GGM_loresOriginally from St. John’s, Newfoundland, Geoff Martin completed his Bachelor of Music in pipe organ at Memorial University of Newfoundland in 1990. He is a graduate of McGill University’s Masters of Music in Sound Recording and, in 2001, he completed his doctoral research in which he developed a method of using digital signal processing to simulate reflections from quadratic residue diffusers for multichannel acoustic environments.

Following completion of his doctorate, Geoff was a Faculty Lecturer for McGill’s Music Technology area, where he taught courses in new media, electronics, and electroacoustics. In addition, he was a member of the development team for McGill’s new Centre for Interdisciplinary Research in Music Media and Technology (CIRMMT). He taught electroacoustic music composition and conducted the contemporary music ensemble at the University of Ottawa. He has also been a regular member of the visiting faculty in the Music and Sound Department at the Banff Centre for the Arts in Alberta, Canada.

Geoff was a member of the Audio Engineering Society (AES) from 1990 to 2013 and served on the executive for the Montreal Student Chapter for two years. He has published and presented numerous papers on microphone techniques, multichannel audio and virtual acoustics. In addition, he has been an invited presenter at many AES conferences, speaking on subjects including recording studio practices, signal processing and automotive audio. Geoff served as the Papers Chair for the 24th International Conference of the AES titled “Multichannel Audio: The New Reality” held at The Banff Centre. He was the chair of the Technical Committee on Microphones and Applications and the Chair of the Conference Policy Committee. He was also a member of the review board for the Journal of the AES.

He moved to Denmark in the Fall of 2002 to begin work in the research and development area of the Automotive Audio division of Bang & Olufsen a/s. He is currently the Tonmeister and Senior Technology Specialist in Sound Design in B&O’s acoustics department, and has sat on the company’s Board of Directors as an Employee-Elected Representative.

Since starting at B&O he has been the sound designer or assistant sound designer for the following products:

  • BeoLab 90, 50, 28, 20, 19, 18, 17, 15/16, 14, 12-x, 11, 8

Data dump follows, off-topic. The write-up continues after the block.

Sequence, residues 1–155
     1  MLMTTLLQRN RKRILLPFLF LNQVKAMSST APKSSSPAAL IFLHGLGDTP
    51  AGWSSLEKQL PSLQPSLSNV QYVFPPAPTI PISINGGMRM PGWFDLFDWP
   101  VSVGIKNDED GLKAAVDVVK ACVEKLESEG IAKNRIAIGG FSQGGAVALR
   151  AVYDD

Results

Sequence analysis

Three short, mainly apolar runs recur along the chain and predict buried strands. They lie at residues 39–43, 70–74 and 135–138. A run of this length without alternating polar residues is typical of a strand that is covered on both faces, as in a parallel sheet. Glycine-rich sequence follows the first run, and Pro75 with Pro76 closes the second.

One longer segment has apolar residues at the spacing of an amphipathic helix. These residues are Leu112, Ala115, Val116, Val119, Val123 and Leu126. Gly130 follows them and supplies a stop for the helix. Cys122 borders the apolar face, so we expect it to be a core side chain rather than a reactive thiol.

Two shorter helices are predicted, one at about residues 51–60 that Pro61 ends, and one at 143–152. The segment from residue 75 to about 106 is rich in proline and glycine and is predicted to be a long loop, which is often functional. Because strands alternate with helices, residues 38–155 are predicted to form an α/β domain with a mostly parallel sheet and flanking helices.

• BeoVision 11-x, 12, 14, Avant & Avant NG series, Horizon
  • BeoPlay V1, A3, A9
  • Advanced Sound System for the Audi A8 (Gen. 1)
  • Sound System for the Audi R8 (Gen. 1)
  • BeoSound 1, 2, 8, 35, Theatre
  • BeoLit 12
  • BeoPlay earphones and headphones: H3, H4, H5, H6, H7, H8, H9, E8, H95

He is the inventor of the Adaptive Sound Technology (AST) system in the BeoSystem 3 and the True Image upmixing algorithm in Bang & Olufsen televisions, as well as the signal flow designer for the audio processing in the BeoVision 11, 14, & Avant series. He also wrote the Technical Sound Guide advanced user manuals for the BeoVision televisions and the BeoLab 90 & 50, available on the B&O website.

In addition, Geoff is also continually writing a textbook on sound recording which is available (by making a donation to a charity of your choice) at his website at

In his spare time, he makes bespoke fountain pens, restores vintage pens, and repairs antique pocket watches.

Some additional and more detailed information can be found here:

LinkedIn profile page

External Articles

Bang & Olufsen’s Geoff Martin Pursues the Perfect Sound

Bang & Olufsen promotional video

Bang & Olufsen BeoLab 14 promotional video

  1. Hey Geoff, though I’ve departed professional audio (in leaps and bounds – McGill is a distant memory) I still enjoy visiting your pages. Good work! Keep it up.

  2. hi geoff, i want subscribe to newsletter of your blog, so i will have real time notification about new articles on it.
    is it possible ?

    thank you

  3. Hi Mauro,

    I’ve just added the option to do this. On the bottom of the right-hand side of the page, you should now see a section titled “Subscribe to Blog via Email”.